Time Out says
American comedian Amy Schumer makes her leading-lady debut with this hilarious, insightful bad-taste comedy from 'Knocked Up' director Judd Apatow
Amy Schumer is a comedy superwoman. Her stand-up is funny-as-hell; she’s a viral sensation with her ‘Inside Amy Schumer’ sketches and lately she’s become every feminist’s new girl crush. Now add to that list: she’s the best thing to happen to Hollywood since the Tina Fey/Amy Poehler double act at the Golden Globes. Schumer’s new autobiographical comedy ‘Trainwreck’, about a commitment-phobic New York writer, is the funniest film of the summer, so outrageous and hilarious that it’ll make your bladder go weak.
The posters say ‘from the guy who brought you “Bridesmaids”’, meaning comedy super-producer Judd Apatow, who produces and directs Schumer’s script. ‘Trainwreck’ is more of a straightforward romcom than ‘Bridesmaids’, except that here Schumer plays the traditional ‘man’ role. She’s hard-partying, promiscuous Amy, a writer for a Maxim-like men’s magazine that publishes articles like ‘How to talk your girlfriend into a three-way’. In a genius piece of casting, Tilda Swinton is Amy’s no-nonsense boss (unrecognisable behind inch-thick fake-tan and a Kate Middleton blow-dry). Amy has mastered the art of sleeping around (four different actors are credited as ‘One-Night Stand Guy’) and her number-one rule is never to sleep over on a date. The sex is all hilariously awkward. But when she’s assigned to interview a sports surgeon (Bill Hader, adorable), she cracks and gets serious.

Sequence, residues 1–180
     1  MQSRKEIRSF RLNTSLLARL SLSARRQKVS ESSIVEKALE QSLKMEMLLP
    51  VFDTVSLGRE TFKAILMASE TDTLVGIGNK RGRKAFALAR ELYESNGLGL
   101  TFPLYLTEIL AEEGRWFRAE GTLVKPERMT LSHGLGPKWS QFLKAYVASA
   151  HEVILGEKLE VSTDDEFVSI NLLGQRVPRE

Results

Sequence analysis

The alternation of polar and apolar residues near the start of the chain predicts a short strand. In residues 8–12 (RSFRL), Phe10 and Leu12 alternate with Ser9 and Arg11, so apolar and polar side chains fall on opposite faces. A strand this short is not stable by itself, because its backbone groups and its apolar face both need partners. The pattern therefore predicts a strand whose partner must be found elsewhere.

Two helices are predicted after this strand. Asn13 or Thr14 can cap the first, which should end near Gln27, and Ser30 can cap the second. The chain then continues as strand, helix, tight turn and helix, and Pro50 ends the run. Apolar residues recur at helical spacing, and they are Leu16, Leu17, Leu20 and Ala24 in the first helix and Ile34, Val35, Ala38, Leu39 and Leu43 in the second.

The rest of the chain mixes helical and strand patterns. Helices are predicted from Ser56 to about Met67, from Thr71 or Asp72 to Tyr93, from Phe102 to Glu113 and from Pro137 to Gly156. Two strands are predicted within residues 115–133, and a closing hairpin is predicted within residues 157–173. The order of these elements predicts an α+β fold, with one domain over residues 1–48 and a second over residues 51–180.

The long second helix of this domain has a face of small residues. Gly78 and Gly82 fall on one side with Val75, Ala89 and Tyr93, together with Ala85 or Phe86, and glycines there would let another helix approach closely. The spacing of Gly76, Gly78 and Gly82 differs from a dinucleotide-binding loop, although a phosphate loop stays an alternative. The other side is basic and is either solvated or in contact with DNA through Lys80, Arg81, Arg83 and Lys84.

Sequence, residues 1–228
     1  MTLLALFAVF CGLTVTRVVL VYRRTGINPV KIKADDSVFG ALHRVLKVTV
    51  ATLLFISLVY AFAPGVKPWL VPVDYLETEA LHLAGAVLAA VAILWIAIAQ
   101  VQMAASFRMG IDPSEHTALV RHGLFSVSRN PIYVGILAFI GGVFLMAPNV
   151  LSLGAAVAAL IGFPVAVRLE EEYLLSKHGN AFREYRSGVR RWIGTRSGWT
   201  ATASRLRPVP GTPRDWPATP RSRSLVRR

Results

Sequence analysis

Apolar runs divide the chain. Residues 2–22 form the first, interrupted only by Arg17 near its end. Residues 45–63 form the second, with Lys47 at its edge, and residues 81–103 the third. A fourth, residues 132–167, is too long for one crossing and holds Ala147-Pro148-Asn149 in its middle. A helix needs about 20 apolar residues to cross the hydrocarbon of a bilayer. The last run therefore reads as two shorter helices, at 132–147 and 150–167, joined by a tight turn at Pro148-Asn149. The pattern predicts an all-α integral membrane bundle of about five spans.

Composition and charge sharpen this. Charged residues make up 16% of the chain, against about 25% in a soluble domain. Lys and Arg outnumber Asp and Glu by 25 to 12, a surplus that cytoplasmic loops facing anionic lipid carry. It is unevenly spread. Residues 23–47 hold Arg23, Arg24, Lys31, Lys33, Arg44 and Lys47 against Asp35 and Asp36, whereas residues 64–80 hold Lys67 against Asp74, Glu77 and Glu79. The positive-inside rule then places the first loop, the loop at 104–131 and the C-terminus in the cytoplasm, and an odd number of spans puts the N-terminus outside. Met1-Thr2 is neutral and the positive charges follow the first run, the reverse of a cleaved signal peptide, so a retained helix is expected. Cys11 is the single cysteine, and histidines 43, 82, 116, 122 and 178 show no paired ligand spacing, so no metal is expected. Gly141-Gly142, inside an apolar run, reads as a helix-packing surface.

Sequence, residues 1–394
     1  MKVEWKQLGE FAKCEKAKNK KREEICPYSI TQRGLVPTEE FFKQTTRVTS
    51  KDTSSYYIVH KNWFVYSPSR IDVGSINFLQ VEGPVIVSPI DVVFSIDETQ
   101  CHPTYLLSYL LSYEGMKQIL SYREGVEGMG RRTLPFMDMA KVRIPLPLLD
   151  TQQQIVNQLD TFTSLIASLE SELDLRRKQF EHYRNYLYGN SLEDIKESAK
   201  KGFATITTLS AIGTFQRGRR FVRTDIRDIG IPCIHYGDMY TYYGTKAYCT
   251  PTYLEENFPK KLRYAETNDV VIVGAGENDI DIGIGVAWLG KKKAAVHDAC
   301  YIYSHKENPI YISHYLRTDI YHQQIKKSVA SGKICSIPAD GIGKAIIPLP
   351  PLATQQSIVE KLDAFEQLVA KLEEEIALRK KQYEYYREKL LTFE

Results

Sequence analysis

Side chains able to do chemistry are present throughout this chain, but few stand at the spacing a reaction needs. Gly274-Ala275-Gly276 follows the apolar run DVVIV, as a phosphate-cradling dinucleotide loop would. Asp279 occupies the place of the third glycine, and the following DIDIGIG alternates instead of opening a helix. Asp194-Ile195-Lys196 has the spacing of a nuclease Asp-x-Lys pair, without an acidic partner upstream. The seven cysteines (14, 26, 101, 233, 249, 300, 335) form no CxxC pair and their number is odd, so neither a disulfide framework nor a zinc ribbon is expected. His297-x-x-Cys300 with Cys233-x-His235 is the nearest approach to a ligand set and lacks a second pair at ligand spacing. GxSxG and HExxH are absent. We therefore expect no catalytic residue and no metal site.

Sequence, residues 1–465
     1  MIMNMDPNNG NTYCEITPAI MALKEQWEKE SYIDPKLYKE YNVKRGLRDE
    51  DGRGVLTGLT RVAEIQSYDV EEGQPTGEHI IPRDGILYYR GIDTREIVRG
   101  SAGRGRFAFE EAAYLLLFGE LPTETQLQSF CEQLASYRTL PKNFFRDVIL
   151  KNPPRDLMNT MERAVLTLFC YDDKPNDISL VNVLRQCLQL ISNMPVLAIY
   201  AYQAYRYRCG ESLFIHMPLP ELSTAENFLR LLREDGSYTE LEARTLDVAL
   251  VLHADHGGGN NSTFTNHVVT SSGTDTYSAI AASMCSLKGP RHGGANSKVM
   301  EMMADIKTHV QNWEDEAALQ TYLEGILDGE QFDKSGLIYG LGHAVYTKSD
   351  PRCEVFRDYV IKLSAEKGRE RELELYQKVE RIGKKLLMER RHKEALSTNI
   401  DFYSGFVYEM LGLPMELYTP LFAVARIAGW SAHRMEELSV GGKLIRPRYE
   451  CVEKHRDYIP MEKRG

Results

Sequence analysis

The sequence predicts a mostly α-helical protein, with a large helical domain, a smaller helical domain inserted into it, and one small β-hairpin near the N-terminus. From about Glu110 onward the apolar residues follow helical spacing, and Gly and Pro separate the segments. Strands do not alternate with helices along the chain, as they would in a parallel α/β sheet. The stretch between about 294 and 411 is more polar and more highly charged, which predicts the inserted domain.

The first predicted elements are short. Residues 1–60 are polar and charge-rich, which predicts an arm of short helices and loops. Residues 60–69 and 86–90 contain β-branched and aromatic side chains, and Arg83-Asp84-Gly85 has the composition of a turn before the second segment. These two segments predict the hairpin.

‘Trainwreck’ isn’t perfect. Its happy-ever-after ending feels like a cop-out. But you can forgive this film a lot. You forget how limited so many movies’ ideas of women are until Amy Schumer launches into an extended tampon joke: nothing is off-limits as she kapows through expectations of female characters.
‘Trainwreck’ is a film about everyday sexism and double-standards. At a party, her sister’s husband makes Amy’s promiscuity the butt of a joke. Would he do that to a guy? Schumer is calling this stuff out. But you only realise this when you stop laughing. Talk about having a moment: you could wrap Schumer in silver foil and put her on a Christmas tree and she wouldn’t be a bigger star.
Cast and crew